What’s Wrong With the Old School?
The old Belmont High School is almost 50 years old – with original electrical systems, failing plumbing, antiquated science labs, safety issues, lack of ADA accessibility, asbestos, no sprinklers, and more – and needs a major renovation.
What’s wrong with the building?
- The mechanical, electrical and ventilation systems are original – vintage 1971. It is expensive to maintain and becoming hard to find parts.
- The plumbing regularly leaks, and toilets spill over and spread into the hallways.
- Because of the hazardous materials (asbestos) in the ceiling, fixing these leaks can take many weeks. The area has to be sealed off and handled by specialists in order to prevent exposure to hazardous materials.
- The science labs are antiquated and do not meet modern science standards. In addition, overcrowding in these rooms, where students regularly use fire and chemicals, poses a serious safety hazard.
- The building is not designed for modern security standards.
- Leaky windows throughout the building are resolved with nearby buckets.
- The roof was replaced in sections about 20 years ago, and it is coming due for another replacement.
- The building does not have sprinklers — they weren’t required in 1971 when the old building was constructed. Sprinklers don’t stop fires, but they do provide the precious extra minutes that allow people — children — to get out of the building.
- The building is not ADA compliant – i.e. it does not provide the handicapped accessibility required by the Americans with Disabilities Act. For example, the elevator is too small for a motorized wheelchair, which means students cannot access the entire second floor of the building. All of their classes are relocated to the first floor, but they cannot go see a science, math or foreign language teacher.
Does it need to be fixed now?
Two external agencies evaluated and validated Belmont High School’s critical needs, and they agree that these problems must be fixed now.
In 2012, the school accreditation agency put Belmont High School on warning, saying:
“The building and physical plant are at the point of crisis … the building infrastructure is outdated and does not support delivery of programs.” – New England Association of Schools and Colleges (NEASC)
Belmont High School remains on warning until the building issues are addressed. Every two years, Belmont has to report to NEASC regarding our status in addressing their concerns. All minor issues have already been addressed. NEASC is closely watching this building program to see that the issues are addressed.
In 2016, after ten years of failed applications, the Massachusetts School Building Authority (MSBA) chose Belmont High School as one of the most critical school projects in the Massachusetts. The MSBA chooses only 15-20 schools per year for this program, out of 80-100 applicants. Only a few are high schools. Given high demand and limited resources, the MSBA scrutinizes every application. They chose us because they judged Belmont High School to be one of their highest priorities.
I wouldn’t tear down my house after 50 years; why the school?
- First, we are keeping 64,000 square feet of the old building – including the field house and pool. They are in good condition and continue to serve us well.
- In this case, it is cheaper and more effective to replace significant portions of the building, rather than renovate and expand. There is a long list of pervasive problems – not just equipment, but also wiring, plumbing and ductwork inside the walls. The building needs to comply with ADA and current building codes. The building must be bigger and reconfigured. Detailed analysis during the feasibility study concluded that this is the most fiscally responsible solution.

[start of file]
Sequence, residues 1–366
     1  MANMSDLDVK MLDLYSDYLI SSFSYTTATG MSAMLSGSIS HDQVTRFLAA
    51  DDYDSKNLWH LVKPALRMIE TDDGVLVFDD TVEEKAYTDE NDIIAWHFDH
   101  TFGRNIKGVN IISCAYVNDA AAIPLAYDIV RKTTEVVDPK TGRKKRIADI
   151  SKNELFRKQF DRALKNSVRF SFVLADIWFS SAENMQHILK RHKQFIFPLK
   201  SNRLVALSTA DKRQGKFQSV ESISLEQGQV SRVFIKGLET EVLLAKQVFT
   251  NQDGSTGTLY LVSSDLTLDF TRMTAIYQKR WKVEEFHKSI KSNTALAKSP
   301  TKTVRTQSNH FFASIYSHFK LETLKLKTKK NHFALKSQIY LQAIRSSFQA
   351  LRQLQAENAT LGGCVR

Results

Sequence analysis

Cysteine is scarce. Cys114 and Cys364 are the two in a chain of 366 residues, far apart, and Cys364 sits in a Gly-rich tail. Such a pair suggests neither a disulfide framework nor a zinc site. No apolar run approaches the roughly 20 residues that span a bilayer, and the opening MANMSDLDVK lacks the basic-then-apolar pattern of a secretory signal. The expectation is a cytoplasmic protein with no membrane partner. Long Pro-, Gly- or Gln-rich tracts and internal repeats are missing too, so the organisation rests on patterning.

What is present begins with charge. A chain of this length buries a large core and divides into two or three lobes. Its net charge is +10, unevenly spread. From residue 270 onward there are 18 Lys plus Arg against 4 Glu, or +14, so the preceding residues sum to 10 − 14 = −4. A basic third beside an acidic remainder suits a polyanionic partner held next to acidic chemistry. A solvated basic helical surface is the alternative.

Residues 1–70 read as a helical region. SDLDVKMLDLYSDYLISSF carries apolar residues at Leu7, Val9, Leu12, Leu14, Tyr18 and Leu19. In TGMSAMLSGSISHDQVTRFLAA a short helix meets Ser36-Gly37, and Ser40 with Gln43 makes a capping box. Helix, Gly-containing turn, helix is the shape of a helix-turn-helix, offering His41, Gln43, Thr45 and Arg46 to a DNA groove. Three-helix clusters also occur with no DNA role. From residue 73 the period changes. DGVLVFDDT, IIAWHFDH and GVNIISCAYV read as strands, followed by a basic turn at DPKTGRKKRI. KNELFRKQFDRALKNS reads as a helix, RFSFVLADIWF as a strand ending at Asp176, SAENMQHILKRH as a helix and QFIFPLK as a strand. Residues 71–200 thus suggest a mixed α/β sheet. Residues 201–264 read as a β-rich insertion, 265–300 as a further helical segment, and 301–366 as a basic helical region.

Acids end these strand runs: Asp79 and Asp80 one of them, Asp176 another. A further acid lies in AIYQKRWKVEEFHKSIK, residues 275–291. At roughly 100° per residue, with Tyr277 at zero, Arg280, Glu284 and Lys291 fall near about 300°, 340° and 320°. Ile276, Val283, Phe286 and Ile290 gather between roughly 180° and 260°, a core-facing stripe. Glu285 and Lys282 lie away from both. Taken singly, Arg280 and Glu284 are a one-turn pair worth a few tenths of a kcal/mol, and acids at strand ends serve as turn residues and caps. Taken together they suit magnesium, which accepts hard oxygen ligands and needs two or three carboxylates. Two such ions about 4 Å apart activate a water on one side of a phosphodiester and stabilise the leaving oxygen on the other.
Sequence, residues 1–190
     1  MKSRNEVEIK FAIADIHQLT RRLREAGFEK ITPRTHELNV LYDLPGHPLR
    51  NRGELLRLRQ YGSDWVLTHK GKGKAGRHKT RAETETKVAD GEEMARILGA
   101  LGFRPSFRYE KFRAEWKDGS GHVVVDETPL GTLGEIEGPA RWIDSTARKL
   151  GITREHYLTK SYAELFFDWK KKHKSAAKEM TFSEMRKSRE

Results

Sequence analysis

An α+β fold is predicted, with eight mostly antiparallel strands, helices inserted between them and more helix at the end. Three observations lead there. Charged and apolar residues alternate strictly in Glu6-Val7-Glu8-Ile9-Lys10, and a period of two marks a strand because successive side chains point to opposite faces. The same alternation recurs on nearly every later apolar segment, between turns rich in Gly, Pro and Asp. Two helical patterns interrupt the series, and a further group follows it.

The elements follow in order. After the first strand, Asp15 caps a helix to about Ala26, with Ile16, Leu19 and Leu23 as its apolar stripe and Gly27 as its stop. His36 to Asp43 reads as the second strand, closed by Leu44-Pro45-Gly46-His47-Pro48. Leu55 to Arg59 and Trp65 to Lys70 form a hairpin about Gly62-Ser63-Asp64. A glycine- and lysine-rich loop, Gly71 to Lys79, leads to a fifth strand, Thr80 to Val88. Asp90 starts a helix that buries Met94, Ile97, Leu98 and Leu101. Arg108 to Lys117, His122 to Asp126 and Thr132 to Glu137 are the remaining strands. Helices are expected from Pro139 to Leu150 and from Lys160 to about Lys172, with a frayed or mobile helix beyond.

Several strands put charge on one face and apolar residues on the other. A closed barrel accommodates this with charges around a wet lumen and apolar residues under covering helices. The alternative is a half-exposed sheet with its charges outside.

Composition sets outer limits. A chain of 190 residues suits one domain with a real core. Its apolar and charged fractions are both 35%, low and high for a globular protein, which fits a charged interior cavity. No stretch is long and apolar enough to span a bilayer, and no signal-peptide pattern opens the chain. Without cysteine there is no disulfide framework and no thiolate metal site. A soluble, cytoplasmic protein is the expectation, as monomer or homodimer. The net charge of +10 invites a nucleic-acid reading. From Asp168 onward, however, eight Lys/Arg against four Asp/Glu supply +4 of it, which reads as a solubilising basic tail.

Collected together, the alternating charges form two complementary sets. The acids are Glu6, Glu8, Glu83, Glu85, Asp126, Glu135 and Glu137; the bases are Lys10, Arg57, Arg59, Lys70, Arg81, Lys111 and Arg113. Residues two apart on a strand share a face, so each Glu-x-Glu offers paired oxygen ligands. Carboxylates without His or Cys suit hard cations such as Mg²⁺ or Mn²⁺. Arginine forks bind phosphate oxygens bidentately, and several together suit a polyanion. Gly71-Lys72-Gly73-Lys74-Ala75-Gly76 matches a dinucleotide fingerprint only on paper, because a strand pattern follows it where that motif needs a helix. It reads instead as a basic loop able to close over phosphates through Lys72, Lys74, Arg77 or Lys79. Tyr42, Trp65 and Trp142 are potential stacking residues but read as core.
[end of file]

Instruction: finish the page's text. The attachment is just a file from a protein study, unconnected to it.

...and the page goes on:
- A new school has a longer lifespan. At approximately the same cost (for the same size school), a new school is a better investment.
- Construction of a new school is less disruptive for students and residents. Students will remain in the old building until the new high school wing is ready. The project will be shorter and cheaper, and students will not be relocated.
- Houses have relatively light usage, with everyone gone or sleeping most of the day, compared to heavy usage for a high school with 1,500 kids beating on it 6 hours/day for almost 50 years. Fifty years in the life of a school is much more demanding than 50 years in the life of a house.
Host Joanna Tzouvelis speaks with Yes For Belmont campaign members Ellen Schreiber and Jessie Bennett. They discuss the problems with the old Belmont High School; the economics of the debt exclusion; and the benefits of the proposed 7-12 school.read more
A two-minute explainer that shows why YES on Question 4 ensures a better future for Belmont’s students, taxpayers, and community.read more
The new Belmont 7-12 School is the most effective and least expensive solution to fix the space problem at all six Belmont schools for the least cost, maintain the value of Belmont homes, and affirm Belmont as a town that values education.read more
If we build the new 7-12 school and shift a few grades, we create enough space in all of our school buildings for all of the town’s children – from kindergarten through 12th grade.read more
On Nov. 6, Belmont voters will decide whether to fund the Belmont 7-12 School to replace the old Belmont High School.
What’s wrong with the building we have?
From the front door to the science labs to the stoplight on Concord Avenue, decisions on the Belmont 7-12 School project have been made with the safety and security of Belmont’s children as the highest priority.read more